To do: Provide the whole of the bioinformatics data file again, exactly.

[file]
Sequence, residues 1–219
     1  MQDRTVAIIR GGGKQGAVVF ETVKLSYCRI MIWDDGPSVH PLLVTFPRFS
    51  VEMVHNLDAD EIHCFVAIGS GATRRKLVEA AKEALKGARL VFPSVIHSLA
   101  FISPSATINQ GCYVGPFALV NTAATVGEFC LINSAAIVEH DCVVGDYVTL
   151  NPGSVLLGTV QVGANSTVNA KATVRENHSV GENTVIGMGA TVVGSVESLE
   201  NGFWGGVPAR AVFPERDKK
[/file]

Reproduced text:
Sequence, residues 1–219
     1  MQDRTVAIIR GGGKQGAVVF ETVKLSYCRI MIWDDGPSVH PLLVTFPRFS
    51  VEMVHNLDAD EIHCFVAIGS GATRRKLVEA AKEALKGARL VFPSVIHSLA
   101  FISPSATINQ GCYVGPFALV NTAATVGEFC LINSAAIVEH DCVVGDYVTL
   151  NPGSVLLGTV QVGANSTVNA KATVRENHSV GENTVIGMGA TVVGSVESLE
   201  NGFWGGVPAR AVFPERDKK